Las Vegas’ Mirage Resort to close after 34-year run. Volcano to go dormant

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By Yosi Yahoudai
Founder and Managing Partner

Once hailed as “Las Vegas’ first 21 Century resort,” The Mirage Hotel & Casino confirmed Wednesday that its iconic volcano outside of its front entrance is going dormant less than a quarter of a century into the new millennium.

Owner Hard Rock International announced the hotel will cease operations on July 17, with bookings being accepted until July 14. The iconic resort — sporting a jungle-fantasy theme —was perhaps best known for its exploding 54-foot man-made volcano, magicians Siegfried and Roy, and its white tigers and dolphins.

“We’d like to thank the Las Vegas community and team members for warmly welcoming Hard Rock after enjoying 34 years at The Mirage,” said Jim Allen, Chairman of Hard Rock International in a statement.

The resort is expected to be redeveloped into the Hard Rock Hotel & Casino and Guitar Hotel Las Vegas, with the volcano giving way to a nearly 700-foot guitar-shaped hotel. The project is expected to open in spring 2027. A similar 638-room hotel stands in Hollywood, Fla.

The Associated Press reported that more than 3,000 employees will be laid off. Hard Rock acknowledged it would pay roughly $80 million in severance packages for union and nonunion labor.

The Culinary and Bartenders Union accounts for about 1,700 Mirage workers. It announced Wednesday that its workers have two options.

The first was a severance package of $2,000 for every year of service plus six months of pension and health benefits. The second option gives employees a lesser, undisclosed amount while maintaining seniority rights for the duration of the property’s closure along with 36 months of recall rights for jobs at the new hotel.

“Culinary Union members at The Mirage have a strong union contract, ensuring that workers are protected, even as the property closes its doors entirely for three years from July 2024 – May 2027,” said Ted Pappageorge, Culinary Union secretary-treasurer, in a statement Wednesday.

The new hotel is projected to employ nearly 7,000 employees, according to Hard Rock management, while 2,500 construction jobs are expected during the rebuilding process.

Hard Rock said that all reservations beyond July 14 would be canceled and that guests should contact the guest services department or booking agency for a refund.

The Mirage’s closure is the second on the strip this year.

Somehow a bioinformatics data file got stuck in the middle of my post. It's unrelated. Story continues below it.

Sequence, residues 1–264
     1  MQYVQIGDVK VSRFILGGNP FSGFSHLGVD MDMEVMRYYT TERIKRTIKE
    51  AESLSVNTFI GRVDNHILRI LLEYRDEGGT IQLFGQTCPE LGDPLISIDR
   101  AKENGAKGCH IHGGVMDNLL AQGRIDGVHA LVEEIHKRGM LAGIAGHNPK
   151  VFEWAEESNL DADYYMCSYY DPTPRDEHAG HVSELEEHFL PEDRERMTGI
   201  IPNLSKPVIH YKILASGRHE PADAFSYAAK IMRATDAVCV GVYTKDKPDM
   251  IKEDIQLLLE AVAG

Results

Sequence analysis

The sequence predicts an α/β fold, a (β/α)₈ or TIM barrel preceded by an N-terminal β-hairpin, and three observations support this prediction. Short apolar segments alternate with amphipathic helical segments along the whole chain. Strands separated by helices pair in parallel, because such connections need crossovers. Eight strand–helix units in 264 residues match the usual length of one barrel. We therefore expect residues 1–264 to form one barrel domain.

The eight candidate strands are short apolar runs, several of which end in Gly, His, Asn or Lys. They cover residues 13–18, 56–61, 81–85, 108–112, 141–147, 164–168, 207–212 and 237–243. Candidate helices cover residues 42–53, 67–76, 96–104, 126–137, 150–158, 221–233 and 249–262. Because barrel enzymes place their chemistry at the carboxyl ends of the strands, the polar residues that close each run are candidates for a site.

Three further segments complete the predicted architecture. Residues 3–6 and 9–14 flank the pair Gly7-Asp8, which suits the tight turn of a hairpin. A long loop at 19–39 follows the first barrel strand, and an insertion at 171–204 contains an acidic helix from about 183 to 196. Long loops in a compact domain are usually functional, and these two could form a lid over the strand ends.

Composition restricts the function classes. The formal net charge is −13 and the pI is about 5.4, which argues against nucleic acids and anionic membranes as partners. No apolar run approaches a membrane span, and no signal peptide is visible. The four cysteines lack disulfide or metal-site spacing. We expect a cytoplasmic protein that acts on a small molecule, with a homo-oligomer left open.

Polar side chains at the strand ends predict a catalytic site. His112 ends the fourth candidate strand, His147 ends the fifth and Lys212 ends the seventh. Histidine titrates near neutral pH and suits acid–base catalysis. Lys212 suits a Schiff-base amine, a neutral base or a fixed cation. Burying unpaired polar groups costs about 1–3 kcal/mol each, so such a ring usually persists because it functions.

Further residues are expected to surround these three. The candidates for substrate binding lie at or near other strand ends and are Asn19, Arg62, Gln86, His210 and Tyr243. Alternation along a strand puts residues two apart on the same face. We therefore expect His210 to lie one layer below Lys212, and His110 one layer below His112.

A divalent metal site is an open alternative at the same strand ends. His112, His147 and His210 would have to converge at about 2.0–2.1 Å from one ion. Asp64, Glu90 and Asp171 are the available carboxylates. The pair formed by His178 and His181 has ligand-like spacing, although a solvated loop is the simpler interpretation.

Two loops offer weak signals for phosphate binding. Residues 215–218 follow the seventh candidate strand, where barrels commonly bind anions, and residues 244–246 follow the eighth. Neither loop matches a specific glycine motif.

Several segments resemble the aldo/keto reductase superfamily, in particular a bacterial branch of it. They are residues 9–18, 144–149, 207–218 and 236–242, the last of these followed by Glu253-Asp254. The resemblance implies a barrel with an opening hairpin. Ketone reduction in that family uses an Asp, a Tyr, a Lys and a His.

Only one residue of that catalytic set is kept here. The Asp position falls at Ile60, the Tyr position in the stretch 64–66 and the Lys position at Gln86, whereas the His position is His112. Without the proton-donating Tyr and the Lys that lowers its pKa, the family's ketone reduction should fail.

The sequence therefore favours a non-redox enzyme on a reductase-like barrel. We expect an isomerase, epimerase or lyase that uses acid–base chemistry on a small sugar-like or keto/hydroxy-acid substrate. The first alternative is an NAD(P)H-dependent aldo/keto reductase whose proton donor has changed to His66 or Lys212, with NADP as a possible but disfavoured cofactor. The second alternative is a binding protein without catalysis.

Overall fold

In April, the 66-year-old Tropicana closed its doors to make way for a 30,000-seat stadium that is expected to serve as the home of the Oakland A’s.

The Mirage’s opening by casino tycoon Stephen A. Wynn in 1989 was hailed as the ushering of a new era of resorts. It was the first strip hotel to open since the MGM Grand in 1973.

Wynn shelled out $600 million, then the most expensive casino project, for the sprawling 103-acre property.

The Mirage was the first fully integrated hotel, according to Alan Feldman, a Distinguished Fellow at UNLV’s International Gaming Institute.

Integration meant operating and treating all facets of the resort, including casino, food and beverage, retail, entertainment and convention space, with equal importance, according to Feldman, who rose to become an executive with the Mirage and stayed from 1989 to 2019.

Feldman said hotel owners previously cared first about the casino and “everything else was last.”

“They gave away entertainment, food and rooms as long as someone came and played,” said Feldman. “The Mirage was the first to believe you could actually make money in these areas if you invested enough.”

Its glistening 30-story white-and-gold towers were said to make neighboring Caesars Palace look “retiring by comparison.” Traffic occasionally backed up on the strip as engineers tested gas-flared flames 40 feet into the air every few minutes.

“People just got out of the cars and went over to see what was going on,” one limousine driver said at the time.

The hotel included a 20,000-gallon fish tank at its reception desk and 3,049 rooms.

Its animals — and its white tiger habitat — brought the resort fame and infamy, including in 2003 when a tiger critically injured magician Roy Horn.

The Mirage’s opening kicked off a resort building and remodeling spree that included the debut of the Circus Circus’ Excalibur in June 1990, the $250-million renovation of Caesars Palace and the opening of Treasure Island in 1994.

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About the Author
Yosi Yahoudai is a founder and the managing partner of J&Y. His practice is comprised primarily of cases involving automobile and motorcycle accidents, but he also represents people in premises liability lawsuits, including suits alleging dangerous conditions of public property, third-party criminal conduct, and intentional torts. He also has expertise in cases involving product defects, dog bites, elder abuse, and sexual assault. He earned his Bachelor of Arts from the University of California and is admitted to practice in all California State Courts, and the United States District Court for the Southern District of California. If you have any questions about this article, you can contact Yosi by clicking here.